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Tuesday, 8 January 2013

Customer relations (Πελατιακές σχέσεις)

A facebook freind recently asked: "How do you reconcile the rise in college graduates with the general dumbing down of society, and the increase in poor service in all places in general? Any ideas on how this happened?" My response: "the ease with which education can be acquired these days all over the world".

Last night, I spent time in the company of a cousin my age who has never received an education beyond primary school. He's in state employment, a position he earned through the once common nepotistic way that uneducated villagers got into the public service. Through his contacts, he even managed to find a state job for his wife. His hope in life was that his four children would one day earn their daily bread in that similar breezy way that their father had been doing up until two years ago when his state salary was suddenly cut in half and he ended up not even being able to afford to pay off his state-provided house mortgage.

 Gerasimos believe that "If you have bread and olive oil, you'll never go hungry."

Gerasimos did not expect things to turn out this way. He had voted PASOK all his life, and fought tooth and nail to keep his job when a Nea Dimokratia government took office (because as most Greeks know, state job holders are often demoted if they are not from the 'right' party). "I'll show you all!" he used to bell out in the room over dinner parties of bygone areas, "when PASOK comes back into power again, I won't even have to clock in to work!" As history tells us, such times never came, and the ones that did almost cost him his livelihood (he has now taken up the mortgage issue with lawyers, arguing that the state gave him his job, the state gave him his mortgage, and the state took away his salary, therefore it is the state's fault entirely that he does not enough money to pay off his mortgage - he is awaiting the verdict).

Because he had never received an education, coupled with the circles that he was now moving around in due to his state job, he made a great effort to do his utmost to educate his children. He has a genuine desire to see his children in a better position in life than he is himself, and he knows that to achieve this in this day and age, he must give them the best education possible.

"If I have a full table, then I lack nothing," Gerasimos often says. 

So he started spending his money on private afternoon preparatory classes for all of them, the infamous frontistiria as they are known in Greece. He did not make a special choice in frontistiria, follwoing the age-old greek tradition of choosing the closest one: kids generally go to the closest frontistirio in their neighbourhood, in the same way that their parents would use the local corner store, the local supermarket, the local souvlatzidiko, the local zaharoplasteio, the local church, and every other local you-name-it. Germasimos paid his monthly dues to the frontistirio regularly, and also managed to secure his family a good deal, given that he was politeknos (ie he had more than three children, which earns Greeks special rights). He had always reported proudly to us that his kids were doing very well at the frontistirio, and one of them even got a prize for coming first in class.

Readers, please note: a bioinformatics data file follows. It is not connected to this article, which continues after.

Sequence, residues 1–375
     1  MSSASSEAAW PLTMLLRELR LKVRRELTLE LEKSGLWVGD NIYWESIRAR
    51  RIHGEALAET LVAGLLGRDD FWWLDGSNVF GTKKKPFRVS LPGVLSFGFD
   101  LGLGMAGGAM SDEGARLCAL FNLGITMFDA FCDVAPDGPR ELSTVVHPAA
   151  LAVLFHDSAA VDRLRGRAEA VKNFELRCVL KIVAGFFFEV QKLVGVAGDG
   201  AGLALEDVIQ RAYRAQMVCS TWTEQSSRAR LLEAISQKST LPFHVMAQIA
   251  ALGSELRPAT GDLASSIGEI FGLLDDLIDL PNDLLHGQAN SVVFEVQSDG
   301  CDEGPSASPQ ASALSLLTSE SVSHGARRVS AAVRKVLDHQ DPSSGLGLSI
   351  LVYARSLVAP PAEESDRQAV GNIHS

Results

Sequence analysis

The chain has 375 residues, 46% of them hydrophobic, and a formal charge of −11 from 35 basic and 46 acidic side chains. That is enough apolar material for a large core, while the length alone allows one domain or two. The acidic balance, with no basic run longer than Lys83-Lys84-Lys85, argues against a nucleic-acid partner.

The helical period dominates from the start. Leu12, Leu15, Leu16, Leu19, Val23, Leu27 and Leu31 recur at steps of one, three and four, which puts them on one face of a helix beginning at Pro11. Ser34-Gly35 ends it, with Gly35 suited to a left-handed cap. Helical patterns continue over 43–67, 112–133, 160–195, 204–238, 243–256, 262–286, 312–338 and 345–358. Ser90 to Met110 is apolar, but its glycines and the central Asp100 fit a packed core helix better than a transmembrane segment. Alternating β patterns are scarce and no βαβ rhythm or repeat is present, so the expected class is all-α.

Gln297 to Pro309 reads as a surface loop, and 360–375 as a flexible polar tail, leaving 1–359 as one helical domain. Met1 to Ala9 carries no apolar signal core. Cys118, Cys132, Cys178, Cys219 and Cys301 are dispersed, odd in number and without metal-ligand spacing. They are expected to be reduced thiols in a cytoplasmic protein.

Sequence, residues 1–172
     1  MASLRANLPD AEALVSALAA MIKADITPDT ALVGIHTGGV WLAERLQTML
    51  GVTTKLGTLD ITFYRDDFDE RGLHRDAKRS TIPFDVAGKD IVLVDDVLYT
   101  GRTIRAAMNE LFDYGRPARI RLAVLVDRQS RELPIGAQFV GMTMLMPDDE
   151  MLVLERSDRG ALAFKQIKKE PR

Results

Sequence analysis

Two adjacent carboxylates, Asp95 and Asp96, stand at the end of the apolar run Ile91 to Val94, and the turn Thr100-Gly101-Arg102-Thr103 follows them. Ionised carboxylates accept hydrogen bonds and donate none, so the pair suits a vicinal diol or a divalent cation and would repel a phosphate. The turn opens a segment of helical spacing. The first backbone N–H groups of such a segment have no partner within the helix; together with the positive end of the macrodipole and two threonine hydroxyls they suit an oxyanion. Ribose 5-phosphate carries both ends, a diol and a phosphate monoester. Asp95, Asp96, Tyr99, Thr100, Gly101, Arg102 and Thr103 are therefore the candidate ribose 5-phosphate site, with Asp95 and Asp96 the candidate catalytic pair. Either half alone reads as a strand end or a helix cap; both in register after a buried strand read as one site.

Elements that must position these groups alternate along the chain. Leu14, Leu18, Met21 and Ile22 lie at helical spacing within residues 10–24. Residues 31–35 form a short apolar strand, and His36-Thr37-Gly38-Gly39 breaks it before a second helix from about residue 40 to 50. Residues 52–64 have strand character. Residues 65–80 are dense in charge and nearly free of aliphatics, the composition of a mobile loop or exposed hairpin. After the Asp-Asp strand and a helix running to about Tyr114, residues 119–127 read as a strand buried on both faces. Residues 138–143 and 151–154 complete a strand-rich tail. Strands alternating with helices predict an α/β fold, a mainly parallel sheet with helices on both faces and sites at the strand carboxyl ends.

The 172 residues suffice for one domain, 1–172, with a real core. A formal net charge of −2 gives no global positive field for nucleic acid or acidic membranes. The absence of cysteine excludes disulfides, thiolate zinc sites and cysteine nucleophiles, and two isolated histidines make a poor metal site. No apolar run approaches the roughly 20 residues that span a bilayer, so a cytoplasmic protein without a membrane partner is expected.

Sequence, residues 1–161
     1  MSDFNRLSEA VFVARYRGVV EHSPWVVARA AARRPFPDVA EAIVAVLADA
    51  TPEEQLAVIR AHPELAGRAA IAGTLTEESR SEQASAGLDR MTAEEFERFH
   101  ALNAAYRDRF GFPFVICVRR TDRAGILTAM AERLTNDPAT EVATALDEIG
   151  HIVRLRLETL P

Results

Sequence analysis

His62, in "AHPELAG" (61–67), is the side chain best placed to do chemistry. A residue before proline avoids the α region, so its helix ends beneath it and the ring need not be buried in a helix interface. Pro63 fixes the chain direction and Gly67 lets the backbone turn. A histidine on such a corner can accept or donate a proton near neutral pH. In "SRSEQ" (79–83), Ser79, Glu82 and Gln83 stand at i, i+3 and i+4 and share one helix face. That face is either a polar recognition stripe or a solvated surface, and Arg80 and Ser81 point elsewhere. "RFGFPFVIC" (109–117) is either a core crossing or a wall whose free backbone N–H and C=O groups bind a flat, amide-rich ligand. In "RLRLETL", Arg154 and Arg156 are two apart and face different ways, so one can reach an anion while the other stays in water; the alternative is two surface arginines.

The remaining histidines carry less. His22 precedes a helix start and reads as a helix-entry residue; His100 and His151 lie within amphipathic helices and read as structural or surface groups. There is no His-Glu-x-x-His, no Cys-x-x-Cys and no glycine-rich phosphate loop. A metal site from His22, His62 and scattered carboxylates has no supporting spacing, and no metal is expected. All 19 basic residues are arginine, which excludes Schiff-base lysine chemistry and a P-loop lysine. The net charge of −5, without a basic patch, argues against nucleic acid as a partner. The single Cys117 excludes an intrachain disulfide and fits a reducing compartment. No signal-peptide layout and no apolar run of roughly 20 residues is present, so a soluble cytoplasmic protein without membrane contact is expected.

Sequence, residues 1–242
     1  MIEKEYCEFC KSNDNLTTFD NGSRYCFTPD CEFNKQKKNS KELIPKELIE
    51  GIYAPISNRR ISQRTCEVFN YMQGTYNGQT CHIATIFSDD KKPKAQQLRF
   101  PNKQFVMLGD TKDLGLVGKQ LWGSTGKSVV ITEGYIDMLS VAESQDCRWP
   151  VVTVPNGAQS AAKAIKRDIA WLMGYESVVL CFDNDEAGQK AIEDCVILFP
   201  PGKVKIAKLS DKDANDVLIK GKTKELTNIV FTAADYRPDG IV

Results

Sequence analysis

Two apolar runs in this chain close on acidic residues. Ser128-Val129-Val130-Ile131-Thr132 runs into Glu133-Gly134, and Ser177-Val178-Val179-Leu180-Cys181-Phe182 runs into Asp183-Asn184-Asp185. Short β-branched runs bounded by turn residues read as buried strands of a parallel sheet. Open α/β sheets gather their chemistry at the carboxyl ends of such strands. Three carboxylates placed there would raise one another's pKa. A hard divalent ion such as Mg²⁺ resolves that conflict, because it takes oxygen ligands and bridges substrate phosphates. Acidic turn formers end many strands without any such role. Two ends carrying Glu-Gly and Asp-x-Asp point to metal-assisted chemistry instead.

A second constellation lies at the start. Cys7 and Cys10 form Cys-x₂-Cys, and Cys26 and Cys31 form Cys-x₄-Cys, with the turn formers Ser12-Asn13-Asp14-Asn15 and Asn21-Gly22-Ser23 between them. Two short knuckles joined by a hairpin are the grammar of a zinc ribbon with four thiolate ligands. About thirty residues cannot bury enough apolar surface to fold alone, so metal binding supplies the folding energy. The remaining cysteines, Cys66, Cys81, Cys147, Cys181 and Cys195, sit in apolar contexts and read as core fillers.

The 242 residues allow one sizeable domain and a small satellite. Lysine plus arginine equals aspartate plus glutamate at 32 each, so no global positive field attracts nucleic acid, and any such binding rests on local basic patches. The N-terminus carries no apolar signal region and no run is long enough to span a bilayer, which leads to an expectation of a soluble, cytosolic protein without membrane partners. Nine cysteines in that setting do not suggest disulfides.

Eventually, he stopped renting a house, and moved into his own home. The move entailed a change in neighbourhood. A change in neighbourhood often means a change in corner store, supermarket, souvlatzidiko, zaharoplasteio, church, and of course frontistirio, because it may not always be feasible transport-wise to use the same services. He was in for the shock of his life. The owner of the new frontistirio where he enrolled his children reported to him - well before report cards were due - that these new students were not in fact the A-grade students that their report cards from the previous frontistirio claimed them to be.

ramni hania
"If I can produce it myself, I will." And Gerasimos does.

How can this be? Gerasimos wondered. The children's grades were so high in the previous frontistirio! Could the previous frontistirio owner have been lying to him? It certainly seemed that way, especially since his eldest child had to sit the external examination three times in order to earn a certificate of proof of English skills. Gerasimos felt that someone had passed one over him. To his horror, he realised that the former frontistirio owner was simply treating him like a good customer, giving his kids good marks while he paid him his hard-earned money (which is now meted out less readily by his employer, the state). The kids had learnt very little in the half a dozen years that he had been sending them to the frontistirio; because Gerasimos had no idea what they were studying, no idea about how to help them in their studies, and no ability to check their work due to his own ignorance of anything to do with learning, he simply relied on the final end-of-year report card with their average grades to see how his kids were doing. But the grades were simply inflated because Gerasimos was being treated as a paying customer that needed to be satisfied. The truth was revealed when he moved neighbourhood and chanced on a frontistirio owner who took a more serious and realistic approach to teaching.